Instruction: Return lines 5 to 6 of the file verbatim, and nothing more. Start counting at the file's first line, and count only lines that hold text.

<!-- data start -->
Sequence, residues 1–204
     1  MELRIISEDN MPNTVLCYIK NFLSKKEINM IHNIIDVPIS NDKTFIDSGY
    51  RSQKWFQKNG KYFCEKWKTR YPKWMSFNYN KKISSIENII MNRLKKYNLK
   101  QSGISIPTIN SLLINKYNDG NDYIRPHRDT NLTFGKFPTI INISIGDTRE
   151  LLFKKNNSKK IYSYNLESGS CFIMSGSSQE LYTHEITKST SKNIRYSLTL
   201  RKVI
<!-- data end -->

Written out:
   151  LLFKKNNSKK IYSYNLESGS CFIMSGSSQE LYTHEITKST SKNIRYSLTL
   201  RKVI